How to Design Clarifier for STP Share design formula and Calculations?
Sewage treatment plants are crucial for ensuring a healthy and clean environment. One important component of sewage treatment plants is the clarifier, which is responsible for separating solid waste from the wastewater. Designing a clarifier for a sewage treatment plant requires careful consideration of several factors, including the required flow rate, retention time, and the settling velocity of the solids.
In this blog, we will discuss the design formula and calculations required to design a clarifier for a sewage treatment plant.
Design Formula for Clarifier:
The design formula for clarifier is given as follows:
Q = (A x v) / t
Where Q is the flow rate in m3/hr, A is the surface area of the clarifier in m2, v is the upward velocity of the wastewater in m/hr, and t is the retention time in hours.
Let us assume that we need to design a clarifier for a sewage treatment plant with a flow rate of 100 m3/hr, a retention time of 2 hours, and a settling velocity of 0.1 m/hr.
Surface Area Calculation:
To calculate the surface area of the clarifier, we can use the following formula:
A = Q x t / v
Substituting the given values, we get:
A = 100 x 2 / 0.1 = 2000 m2
Therefore, the surface area of the clarifier required is 2000 m2.
To calculate the height of the clarifier, we need to consider the settling velocity of the solids. The height of the clarifier can be calculated using the following formula:
H = Vs / (G x (ρp - ρw))
Where H is the height of the clarifier in meters, Vs is the settling velocity of the solids in m/hr, G is the acceleration due to gravity (9.81 m/s2), ρp is the density of the solids in kg/m3, and ρw is the density of the wastewater in kg/m3.
Assuming the density of the solids as 1500 kg/m3 and the density of the wastewater as 1000 kg/m3, we get:
H = 0.1 / (9.81 x (1500 - 1000)) = 0.0008 m
Therefore, the height of the clarifier required is 0.8 meters.
Retention Time Calculation:
The retention time of the clarifier can be calculated using the following formula:
t = V / Q
Where V is the volume of the clarifier in m3.
Assuming the depth of the clarifier as 3 meters, we can calculate the volume of the clarifier as:
V = A x H = 2000 x 3 = 6000 m3
Substituting the values, we get:
t = 6000 / 100 = 60 hours
Therefore, the retention time of the clarifier required is 60 hours.
Working Function of Clarifier:
The clarifier works on the principle of gravity separation. The wastewater enters the clarifier and flows slowly through it. The solid particles in the wastewater settle down due to gravity and form a sludge layer at the bottom of the clarifier. The clarified wastewater flows out of the clarifier from the top.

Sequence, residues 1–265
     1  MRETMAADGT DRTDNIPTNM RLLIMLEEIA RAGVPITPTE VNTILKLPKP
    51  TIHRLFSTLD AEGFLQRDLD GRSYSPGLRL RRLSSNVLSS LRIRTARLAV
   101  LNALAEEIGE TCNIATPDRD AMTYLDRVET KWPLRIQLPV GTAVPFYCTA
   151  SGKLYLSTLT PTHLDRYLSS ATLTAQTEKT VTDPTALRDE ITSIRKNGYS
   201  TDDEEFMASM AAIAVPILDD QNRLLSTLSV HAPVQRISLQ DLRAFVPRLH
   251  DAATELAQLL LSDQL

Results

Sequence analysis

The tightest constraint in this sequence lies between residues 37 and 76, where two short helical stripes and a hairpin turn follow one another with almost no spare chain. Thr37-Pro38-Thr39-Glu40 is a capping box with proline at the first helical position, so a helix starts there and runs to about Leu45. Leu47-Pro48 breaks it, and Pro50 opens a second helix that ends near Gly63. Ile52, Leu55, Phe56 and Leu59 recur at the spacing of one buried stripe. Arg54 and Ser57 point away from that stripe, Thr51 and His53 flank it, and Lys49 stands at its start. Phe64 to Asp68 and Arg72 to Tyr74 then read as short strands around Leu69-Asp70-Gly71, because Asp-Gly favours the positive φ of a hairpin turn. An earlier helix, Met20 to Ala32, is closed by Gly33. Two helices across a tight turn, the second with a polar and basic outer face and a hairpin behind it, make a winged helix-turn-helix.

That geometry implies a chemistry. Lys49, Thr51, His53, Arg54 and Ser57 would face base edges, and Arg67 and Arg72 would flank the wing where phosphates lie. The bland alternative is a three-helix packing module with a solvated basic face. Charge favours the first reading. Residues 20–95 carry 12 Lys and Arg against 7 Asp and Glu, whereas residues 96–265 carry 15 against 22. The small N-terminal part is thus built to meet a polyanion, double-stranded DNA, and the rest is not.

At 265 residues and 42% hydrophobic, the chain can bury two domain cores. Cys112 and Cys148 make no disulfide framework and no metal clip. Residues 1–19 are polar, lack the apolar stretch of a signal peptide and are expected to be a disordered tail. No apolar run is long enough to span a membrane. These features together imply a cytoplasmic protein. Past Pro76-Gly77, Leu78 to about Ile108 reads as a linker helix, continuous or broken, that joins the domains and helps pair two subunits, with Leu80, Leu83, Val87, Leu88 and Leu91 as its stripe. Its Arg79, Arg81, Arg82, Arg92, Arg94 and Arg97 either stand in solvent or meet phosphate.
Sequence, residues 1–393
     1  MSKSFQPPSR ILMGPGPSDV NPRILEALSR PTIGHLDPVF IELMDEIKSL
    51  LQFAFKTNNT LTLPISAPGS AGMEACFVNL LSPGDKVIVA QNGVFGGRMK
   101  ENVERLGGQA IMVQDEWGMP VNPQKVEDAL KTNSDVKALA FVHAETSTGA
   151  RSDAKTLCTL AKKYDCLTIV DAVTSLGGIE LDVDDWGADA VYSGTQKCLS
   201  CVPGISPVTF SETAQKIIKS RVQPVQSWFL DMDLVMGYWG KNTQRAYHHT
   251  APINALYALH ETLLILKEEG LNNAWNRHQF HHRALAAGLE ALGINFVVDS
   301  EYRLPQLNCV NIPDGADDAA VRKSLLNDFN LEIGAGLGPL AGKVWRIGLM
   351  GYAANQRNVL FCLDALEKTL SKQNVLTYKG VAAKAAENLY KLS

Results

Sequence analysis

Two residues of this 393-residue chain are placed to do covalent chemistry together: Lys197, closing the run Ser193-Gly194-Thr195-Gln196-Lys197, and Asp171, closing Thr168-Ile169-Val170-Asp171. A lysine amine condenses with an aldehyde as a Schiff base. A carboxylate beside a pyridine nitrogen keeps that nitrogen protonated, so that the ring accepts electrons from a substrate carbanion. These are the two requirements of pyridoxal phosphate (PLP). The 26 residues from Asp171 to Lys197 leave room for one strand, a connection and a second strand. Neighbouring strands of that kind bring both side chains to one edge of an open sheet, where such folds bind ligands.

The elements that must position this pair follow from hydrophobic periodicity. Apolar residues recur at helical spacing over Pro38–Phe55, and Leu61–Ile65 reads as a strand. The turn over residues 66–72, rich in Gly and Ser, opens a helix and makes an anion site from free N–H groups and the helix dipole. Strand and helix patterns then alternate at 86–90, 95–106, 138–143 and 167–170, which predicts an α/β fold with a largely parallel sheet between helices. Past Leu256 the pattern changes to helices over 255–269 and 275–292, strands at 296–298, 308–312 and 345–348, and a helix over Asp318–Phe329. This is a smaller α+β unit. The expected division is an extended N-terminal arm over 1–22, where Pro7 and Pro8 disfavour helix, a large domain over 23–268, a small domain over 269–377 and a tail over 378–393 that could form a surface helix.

The sludge layer that accumulates at the bottom of the clarifier is periodically removed and sent for further treatment.
Retention Time in Sewage Treatment Plant:
Retention time is the time required for the wastewater to pass through the clarifier. The retention time in a sewage treatment plant varies depending on the design and the characteristics of the wastewater. The retention time is usually between 1 to 3 hours in a primary clarifier and can be up to 24 hours in a secondary clarifier.
The retention time is important for ensuring that the solids have enough time to settle down and form a sludge layer at the bottom of the clarifier. If the retention time is too short, the solids will not settle down completely and will carry over with the clarified wastewater. On the other hand, if the retention time is too long, the clarifier will become overloaded and the efficiency of the treatment plant will decrease.
In conclusion, designing a clarifier for a sewage treatment plant requires careful consideration of several factors including the required flow rate, retention time, and settling velocity of the solids. The design formula and calculations provided in this blog post can be used as a guide to design a clarifier for a sewage treatment plant. Additionally, the working function of a clarifier and the importance of retention time in sewage treatment plants have also been discussed. Proper design and operation of clarifiers can lead to a more efficient and effective sewage treatment process, ultimately resulting in a cleaner and healthier environment.
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